“They beat him so badly that there was blood coming out of his ears”

Photo: Laszlo Toroczkai

I crossed the Hungarian border near the Kelebija crossing around the 15th of January, we were thirty people. After we got through the fence we walked forward a little bit, maybe half a kilometer. They caught us and they brought us back to the border near Horgoš. We were transported in a green car. Three of them were wearing full army uniforms, the rest were around ten police officers in blue uniforms, not many badges on them. There was some kind of marking on the uniforms but I wasn’t allowed to look up, so I didn’t see them. At the end there were four or five police cars, two or three small ones and the rest was big vans. They were white with some markings on them, like regular police cars. There was one dark van. I’m not sure if it was black or blue, it was very dark.

There was a mud track next to the border fence, they made us sit in this mud track in a line. We had to put our hands on our necks and put our heads down. They kept us in the mud from 1am to 3am, before deporting us. They were punching and kicking us. There was one dog; they took its muzzle off it for five minutes and took it around to scare us. They didn’t release the dog completely, but they were keeping it on a short leash and putting it very close to us. Then they put the muzzle back on, but it was still clawing on us, even on our faces. They took the dog away ten minutes before they let us go. They took one of us out of the line and they took all his clothes, leaving only a t-shirt and trousers and then they searched us. They left us all in one t-shirt and one pair of trousers.

There was one man and one lady, who were looking through our phones. They found something on one person’s phone and this man got beaten more than any of us. They beat him so badly that there was blood coming out of his ears. I don’t know what it was, what they found. He was a regular refugee, he wasn’t anyone special. They broke everyone’s phones, but more than anything they beat us.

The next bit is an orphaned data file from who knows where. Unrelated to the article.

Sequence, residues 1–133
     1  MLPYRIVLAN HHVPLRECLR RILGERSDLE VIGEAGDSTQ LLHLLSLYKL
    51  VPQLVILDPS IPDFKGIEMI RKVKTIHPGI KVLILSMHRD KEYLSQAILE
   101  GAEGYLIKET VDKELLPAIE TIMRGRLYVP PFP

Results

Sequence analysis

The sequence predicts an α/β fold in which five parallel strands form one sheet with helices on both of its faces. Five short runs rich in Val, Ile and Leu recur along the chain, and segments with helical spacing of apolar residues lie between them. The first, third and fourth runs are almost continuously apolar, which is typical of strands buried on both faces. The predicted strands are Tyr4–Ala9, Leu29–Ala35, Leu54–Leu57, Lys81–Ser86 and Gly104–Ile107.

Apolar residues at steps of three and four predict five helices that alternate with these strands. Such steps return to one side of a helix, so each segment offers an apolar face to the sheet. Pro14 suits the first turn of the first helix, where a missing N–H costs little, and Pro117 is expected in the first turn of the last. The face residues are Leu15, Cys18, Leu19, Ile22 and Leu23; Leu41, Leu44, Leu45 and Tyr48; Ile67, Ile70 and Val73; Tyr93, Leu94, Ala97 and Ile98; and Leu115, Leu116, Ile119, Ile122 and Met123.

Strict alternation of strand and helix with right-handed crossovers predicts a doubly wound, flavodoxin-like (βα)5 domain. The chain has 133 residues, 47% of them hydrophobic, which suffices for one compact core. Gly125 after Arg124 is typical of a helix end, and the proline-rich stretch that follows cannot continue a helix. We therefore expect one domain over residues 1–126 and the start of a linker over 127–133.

They were indiscriminate with their beatings, it didn’t matter to them where they were beating us. They were using police batons and their hands. There were four 15-year old Afghan boys with us, they were treated the same way. The policemen don’t look to see how old you are; when they see you they start beating you. They were drunk. They’re always drunk, men and women. We could smell it [alcohol] during the search, when they were getting very close to us.

The money they found on us was ripped off and thrown on the ground. Food was thrown away. They took one shoe from each of us. If somebody had really bad shoes, they let them keep them. If the shoes were good they took one of them. The water they found in our bags was poured on our heads. It was minus 14 or 15 degrees this night. It was really, really cold. A lot of people got very sick afterwards.

Later on they gave us back one jacket each. They only did it after one of us got really sick. He was in a very bad shape so they gave it back.

When we were in the line they made us look down, anyone who would look up would get beaten. The women police officers were hitting us with the batons on our private parts.

They made us go back to the border, in groups of two. They made a video where they took our names, two by two. Then they sprayed us and two of them came with us to the Serbian side. At the beginning they didn’t spray all of us; they’d only spray you when you did something or said something you shouldn’t say. Those people were not on videos, they moved them to the side and they filmed everyone else. It was after the videos were taken when they did it to everybody. If anyone would try to touch their eyes their hands would get smacked. You can’t see anything for two or three hours. It’s spicy. And there are tears and tears and tears. Your eyes get red. Your face gets swollen and red.